If you’re having a bad day, it couldn’t be worse than these people!
Why do some people have more mazal than others? Is there anything we can do to turn our bad mazal into good mazal?
Melanie Martinez lost five homes to different hurricanes; Roy Sullivan was struck by lightning on seven different occasions, and Violet Jessop was present on three ships that sank, including the Titanic.
Sodeto is a village three-and-half hours northwest of Barcelona, near the border of France. Its four hundred residents are mostly indigent farmers and unemployed construction workers. In December of 2011, the residents of this town collectively bought a lottery ticket for Spain’s largest lottery—El Gordo—and they won a whopping 950 million dollars! All the residents were instantly transformed from rags to riches, except for one single resident—Costis Mitsotakis. It turns out that when making their rounds through the village where everyone chipped in for the lottery ticket, they simply forgot to knock on his door!
Now these are people with some seriously bad luck!
Though many are unsure if fate is a Jewish idea, you might be surprised to discover that the Twelve Signs of the Zodiac—determining our destiny—are actually all rooted in Torah! Whether we’ll live a life of blessing or blight depends entirely on the zodiac signs of our birth and other milestones (Talmud Moed Katan 28)!
Good fortune or destiny in Hebrew is Mazal Tov! The day of your birthday is when your “mazal—good fortune” shines and you are empowered to achieve more than usual. Ancient biblical warriors were aware of this truth and would conscript their soldiers based on their recurring birthdays!
After our forefathers Abram and Sarai struggled with infertility for many years, they changed their names to Avraham and Sarah—thus changing their fate—and soon after conceived their son Yitzchak (Isaac). Our destiny is actually pre-determined before we are even born, as the Talmud (Niddah 16b) states that each person’s wisdom, wealth, and power are all known before he is even born. Even our spouses and real estate acquisitions are pre-determined (Talmud Sotah 2b). The only choices we really have are our ethical and moral choices.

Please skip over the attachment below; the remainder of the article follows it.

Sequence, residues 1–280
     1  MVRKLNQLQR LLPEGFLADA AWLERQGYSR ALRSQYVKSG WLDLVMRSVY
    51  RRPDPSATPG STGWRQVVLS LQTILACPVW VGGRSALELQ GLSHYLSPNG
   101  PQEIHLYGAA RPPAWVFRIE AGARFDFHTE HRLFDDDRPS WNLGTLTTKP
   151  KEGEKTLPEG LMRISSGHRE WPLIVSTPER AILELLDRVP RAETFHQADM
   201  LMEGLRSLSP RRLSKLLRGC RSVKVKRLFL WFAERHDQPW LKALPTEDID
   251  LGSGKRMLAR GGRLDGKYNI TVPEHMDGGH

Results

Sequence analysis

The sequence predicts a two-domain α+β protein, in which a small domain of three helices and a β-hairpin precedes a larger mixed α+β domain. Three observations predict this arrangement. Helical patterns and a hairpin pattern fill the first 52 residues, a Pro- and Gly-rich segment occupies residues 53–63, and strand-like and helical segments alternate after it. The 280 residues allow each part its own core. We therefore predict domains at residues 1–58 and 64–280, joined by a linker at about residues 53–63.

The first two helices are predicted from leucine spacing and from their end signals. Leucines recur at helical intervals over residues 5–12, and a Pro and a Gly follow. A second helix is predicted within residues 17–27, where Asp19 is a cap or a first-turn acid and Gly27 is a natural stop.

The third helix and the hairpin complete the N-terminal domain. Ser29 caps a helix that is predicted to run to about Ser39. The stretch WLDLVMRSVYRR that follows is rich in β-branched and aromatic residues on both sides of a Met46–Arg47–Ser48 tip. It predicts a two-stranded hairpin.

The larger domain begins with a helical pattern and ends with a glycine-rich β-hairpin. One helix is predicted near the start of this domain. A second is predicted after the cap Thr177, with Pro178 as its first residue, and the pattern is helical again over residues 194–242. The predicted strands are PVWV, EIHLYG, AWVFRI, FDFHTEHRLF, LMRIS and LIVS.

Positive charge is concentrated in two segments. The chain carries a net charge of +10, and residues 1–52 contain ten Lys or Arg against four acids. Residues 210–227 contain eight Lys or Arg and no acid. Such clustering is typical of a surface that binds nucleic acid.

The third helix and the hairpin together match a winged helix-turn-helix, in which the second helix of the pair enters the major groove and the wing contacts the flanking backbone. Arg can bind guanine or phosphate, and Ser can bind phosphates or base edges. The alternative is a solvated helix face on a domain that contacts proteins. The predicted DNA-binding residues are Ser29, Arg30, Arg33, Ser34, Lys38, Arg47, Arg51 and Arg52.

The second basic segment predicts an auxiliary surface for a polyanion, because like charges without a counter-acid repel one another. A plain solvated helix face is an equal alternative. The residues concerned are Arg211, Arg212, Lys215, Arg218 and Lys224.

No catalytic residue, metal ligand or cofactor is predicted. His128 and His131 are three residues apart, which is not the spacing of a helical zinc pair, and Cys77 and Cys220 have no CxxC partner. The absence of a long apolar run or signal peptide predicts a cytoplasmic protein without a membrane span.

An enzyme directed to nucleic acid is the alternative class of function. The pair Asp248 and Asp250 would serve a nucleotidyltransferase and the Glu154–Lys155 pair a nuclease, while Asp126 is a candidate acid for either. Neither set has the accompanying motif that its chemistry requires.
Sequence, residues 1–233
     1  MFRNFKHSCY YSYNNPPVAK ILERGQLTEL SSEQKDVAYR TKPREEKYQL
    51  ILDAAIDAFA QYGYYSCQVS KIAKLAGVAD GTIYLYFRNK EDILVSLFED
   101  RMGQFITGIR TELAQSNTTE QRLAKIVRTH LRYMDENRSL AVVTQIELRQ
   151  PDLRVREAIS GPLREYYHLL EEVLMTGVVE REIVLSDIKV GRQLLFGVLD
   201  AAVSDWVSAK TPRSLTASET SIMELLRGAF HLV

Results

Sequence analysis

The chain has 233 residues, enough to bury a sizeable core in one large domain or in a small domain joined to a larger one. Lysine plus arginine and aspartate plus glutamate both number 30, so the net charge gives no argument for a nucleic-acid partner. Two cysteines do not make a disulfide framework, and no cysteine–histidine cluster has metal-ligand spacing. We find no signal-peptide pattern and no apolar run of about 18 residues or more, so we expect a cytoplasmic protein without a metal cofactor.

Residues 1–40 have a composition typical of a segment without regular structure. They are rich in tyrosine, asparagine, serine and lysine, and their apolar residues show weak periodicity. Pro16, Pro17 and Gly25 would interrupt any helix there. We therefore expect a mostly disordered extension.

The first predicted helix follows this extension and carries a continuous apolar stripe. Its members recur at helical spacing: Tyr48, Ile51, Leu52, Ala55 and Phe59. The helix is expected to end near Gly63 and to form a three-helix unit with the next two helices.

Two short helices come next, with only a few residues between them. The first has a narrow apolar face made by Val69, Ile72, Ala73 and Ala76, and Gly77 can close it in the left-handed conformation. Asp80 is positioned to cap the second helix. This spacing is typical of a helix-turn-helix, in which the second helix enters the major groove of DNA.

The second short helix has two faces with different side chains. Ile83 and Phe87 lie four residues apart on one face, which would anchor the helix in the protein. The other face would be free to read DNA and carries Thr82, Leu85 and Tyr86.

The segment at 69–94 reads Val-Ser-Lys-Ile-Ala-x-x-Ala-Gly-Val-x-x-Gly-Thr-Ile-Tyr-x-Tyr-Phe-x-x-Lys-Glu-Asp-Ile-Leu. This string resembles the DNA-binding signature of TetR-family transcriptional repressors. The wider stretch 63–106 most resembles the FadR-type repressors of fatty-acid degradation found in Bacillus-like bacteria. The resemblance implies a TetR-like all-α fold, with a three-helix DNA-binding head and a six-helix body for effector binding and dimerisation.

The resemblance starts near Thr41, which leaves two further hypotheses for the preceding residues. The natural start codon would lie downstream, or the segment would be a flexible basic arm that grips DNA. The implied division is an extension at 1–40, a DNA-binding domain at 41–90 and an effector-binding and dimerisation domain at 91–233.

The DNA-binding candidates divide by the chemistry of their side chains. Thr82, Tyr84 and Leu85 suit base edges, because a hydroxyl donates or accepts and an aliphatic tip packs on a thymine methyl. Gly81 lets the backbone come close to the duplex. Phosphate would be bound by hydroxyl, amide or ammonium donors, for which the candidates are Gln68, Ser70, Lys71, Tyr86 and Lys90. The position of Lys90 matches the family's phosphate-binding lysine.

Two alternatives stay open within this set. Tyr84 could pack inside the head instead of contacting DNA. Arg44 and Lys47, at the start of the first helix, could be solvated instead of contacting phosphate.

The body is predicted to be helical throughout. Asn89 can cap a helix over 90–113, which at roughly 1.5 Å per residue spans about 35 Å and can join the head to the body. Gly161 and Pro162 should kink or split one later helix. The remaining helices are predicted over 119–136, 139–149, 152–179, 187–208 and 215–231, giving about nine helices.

It seems clear that some people are born lucky, while others are not.
It’s perplexing to us, therefore, when the Torah (Devarim 18:10-13) explicitly prohibits us from engaging in any form of fortune-telling, astrology, or horoscopes.
There shall not be found among you anyone who passes his son or daughter through fire, a soothsayer, a diviner of [auspicious] times, one who interprets omens, or a sorcerer, or a charmer, a pithom sorcerer, a yido’a sorcerer, or a necromancer.
For whoever does these things is an abomination to the L-rd, and because of these abominations, the L-rd, your G-d is driving them out from before you.
Be wholehearted with the L-rd, your G-d.
If astrology molds our fate, then why would these be prohibited?
The key lies in the unique role that the Jew serves for humanity. Isaiah (43:10) tells us clearly that our job is to serve as witnesses for mankind that things are not as they seem. G-d is always in control and we should never forget Him by placing our trust in any form of divination through which—at one time in our history—He allowed us to interact with Him, the use of these tools, in any case, now being a lost art. But even if it were possible to use such tools today, attempting, as it were, to “see behind the curtain,” to do so would demonstrate a disrespectful lack of faith in Divine Providence.